The sea always wins in the end

Sheringham is a reasonable sized coastal town where you can watch the sea battering the rocks below. I’m left with a palpable sense of the ocean’s power. An adult grey seal nonchalantly bobs around a short distance out as if to differ.

There’s a market on today and the streets are packed with shoppers on the lookout for an early Christmas bargain. I like Sheringham. There are the small local family business that I keep banging on about (sorry) and a launderette sign proudly advertising the largest duvet machine in North Norfolk but most of all I’m impressed that they will not be switching on their Christmas lights until December.

We do do duvets
We do do duvets

From here the Norfolk Coast Path heads to Cromer via an inland diversion which is another reason I’m less distressed about missing out on it. Verging on a diabetic coma resultant of an insanely huge chunk of flapjack I walk out along Cromer pier to catch the last rays of the day. A lone surfer ploughs a liquid furrow down below.

End of the day
End of the day

The pier has suffered from the usual storm/collision pier afflictions in its 200 years and yet still it stands. More so it thrives, as befits a structure so firmly bedded into the identity of the town. The pier pavilion was reopened by Stephen Fry 10 years ago and today marks the beginning of the festive season of performances. I’m delighted to discover a fine view of the pier from my B&B bedroom window.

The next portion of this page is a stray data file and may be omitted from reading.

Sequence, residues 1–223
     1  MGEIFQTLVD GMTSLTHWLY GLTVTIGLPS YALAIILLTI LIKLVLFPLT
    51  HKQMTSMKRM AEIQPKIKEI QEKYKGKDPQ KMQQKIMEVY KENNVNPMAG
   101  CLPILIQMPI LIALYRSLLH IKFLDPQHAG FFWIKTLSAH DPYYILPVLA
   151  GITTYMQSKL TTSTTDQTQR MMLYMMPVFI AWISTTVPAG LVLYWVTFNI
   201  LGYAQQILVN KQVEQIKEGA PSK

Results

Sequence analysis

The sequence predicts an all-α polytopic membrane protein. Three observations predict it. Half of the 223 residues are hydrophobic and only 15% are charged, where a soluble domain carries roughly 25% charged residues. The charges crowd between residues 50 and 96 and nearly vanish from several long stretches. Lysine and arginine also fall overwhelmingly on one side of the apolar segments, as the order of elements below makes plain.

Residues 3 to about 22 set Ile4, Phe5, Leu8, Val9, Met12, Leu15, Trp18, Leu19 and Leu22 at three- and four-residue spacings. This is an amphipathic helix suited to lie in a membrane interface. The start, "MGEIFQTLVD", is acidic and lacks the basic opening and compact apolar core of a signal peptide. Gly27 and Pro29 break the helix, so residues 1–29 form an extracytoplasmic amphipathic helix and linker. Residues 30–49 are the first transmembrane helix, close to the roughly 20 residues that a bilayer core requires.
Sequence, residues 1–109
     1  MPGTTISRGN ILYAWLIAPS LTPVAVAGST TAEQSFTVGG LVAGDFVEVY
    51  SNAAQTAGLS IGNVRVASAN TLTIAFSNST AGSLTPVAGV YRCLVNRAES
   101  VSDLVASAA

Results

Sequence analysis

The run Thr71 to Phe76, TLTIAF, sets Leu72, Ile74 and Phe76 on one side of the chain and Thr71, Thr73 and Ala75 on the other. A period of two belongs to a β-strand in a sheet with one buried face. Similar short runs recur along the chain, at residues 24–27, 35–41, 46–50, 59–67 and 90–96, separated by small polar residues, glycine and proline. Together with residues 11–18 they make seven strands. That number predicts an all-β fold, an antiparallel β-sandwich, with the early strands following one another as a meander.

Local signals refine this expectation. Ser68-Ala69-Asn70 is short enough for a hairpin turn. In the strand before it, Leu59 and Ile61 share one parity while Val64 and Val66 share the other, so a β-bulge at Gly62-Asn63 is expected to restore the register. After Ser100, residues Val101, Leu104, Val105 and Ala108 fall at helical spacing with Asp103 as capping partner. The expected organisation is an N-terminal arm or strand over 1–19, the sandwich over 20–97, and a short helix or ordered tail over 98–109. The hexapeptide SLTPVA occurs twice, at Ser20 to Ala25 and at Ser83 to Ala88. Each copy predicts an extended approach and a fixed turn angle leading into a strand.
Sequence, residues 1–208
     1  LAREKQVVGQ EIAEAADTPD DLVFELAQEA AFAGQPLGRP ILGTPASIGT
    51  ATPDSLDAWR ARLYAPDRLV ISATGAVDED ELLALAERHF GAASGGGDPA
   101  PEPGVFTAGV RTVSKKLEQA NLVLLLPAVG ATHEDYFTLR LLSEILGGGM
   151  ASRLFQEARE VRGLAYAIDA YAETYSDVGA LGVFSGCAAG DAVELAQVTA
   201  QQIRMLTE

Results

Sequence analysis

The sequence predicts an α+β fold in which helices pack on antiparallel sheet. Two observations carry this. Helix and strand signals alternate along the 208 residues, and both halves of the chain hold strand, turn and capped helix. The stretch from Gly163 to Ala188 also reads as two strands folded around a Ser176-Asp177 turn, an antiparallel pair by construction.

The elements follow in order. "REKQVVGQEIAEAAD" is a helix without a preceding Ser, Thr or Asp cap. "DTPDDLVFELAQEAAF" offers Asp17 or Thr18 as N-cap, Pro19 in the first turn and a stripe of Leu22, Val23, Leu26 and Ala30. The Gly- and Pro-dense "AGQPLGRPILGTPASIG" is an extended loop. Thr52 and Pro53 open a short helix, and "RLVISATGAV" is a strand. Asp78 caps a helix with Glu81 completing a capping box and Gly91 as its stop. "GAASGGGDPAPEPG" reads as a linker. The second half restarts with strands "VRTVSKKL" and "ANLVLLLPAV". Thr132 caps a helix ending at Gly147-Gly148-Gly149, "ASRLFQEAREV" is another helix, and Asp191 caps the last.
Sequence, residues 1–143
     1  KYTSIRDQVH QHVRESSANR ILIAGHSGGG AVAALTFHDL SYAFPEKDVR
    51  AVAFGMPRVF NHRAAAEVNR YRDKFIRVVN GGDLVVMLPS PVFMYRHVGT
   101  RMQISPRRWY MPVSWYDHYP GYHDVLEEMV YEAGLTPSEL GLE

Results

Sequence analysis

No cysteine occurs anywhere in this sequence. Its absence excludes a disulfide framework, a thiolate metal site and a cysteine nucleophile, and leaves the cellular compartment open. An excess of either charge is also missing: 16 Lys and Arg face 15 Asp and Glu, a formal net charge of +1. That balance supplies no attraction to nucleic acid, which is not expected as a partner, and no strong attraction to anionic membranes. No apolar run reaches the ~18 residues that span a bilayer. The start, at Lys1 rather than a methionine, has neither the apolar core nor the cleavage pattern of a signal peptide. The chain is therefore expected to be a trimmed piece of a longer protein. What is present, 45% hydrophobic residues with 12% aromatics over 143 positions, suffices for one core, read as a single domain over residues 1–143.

Picture postcard view
Picture postcard view

Cromer appears to fall short on dining options but I find a Pie & Mash joint and mull upon the fact that I never made it to one during my 6 months in London earlier this year. Anyway, the night is young. Are there neon lights and saxophones to be found here on a Saturday night?

Haunting old streets
Haunting old streets

Actually no, and that wouldn’t be right for Cromer. Eerily deserted night streets carry the echoes of surf crashing in at the cliff foot, punctuated only by distant laughing and strains of music from nearby hostelries. Through the misty windows of the grand Hotel De Paris a compère entertains an group of elderly folk wearing paper Christmas hats.

One last breath of that cold salty night air … and then a warming brandy in one of those hostelries…


Today in point form…

In a nutshell
– A day absorbing the essence of this stretch of coastline

High point
– Realising that the planned 14 mile route would have been exhausting over shingle

Low point
– The end of a rewarding voyage of discovery in which I saw beautiful things, met fascinating people and even walked a bit.

The route – if I had walked it…



Epilogue

Needless to say I’m disappointed that my thoroughly planned and much anticipated 4 day walk was cut short by injury. That said I did walk a third of the distance and I got to experience many facets of this striking stretch of coastline.

A few of my learning points that other walkers may find useful:

  • Learn from your mistakes. Following my Cleveland Way rain trauma the waterproof trousers and gaiters I packed this time made all the difference when the weather turned bad in Hunstanton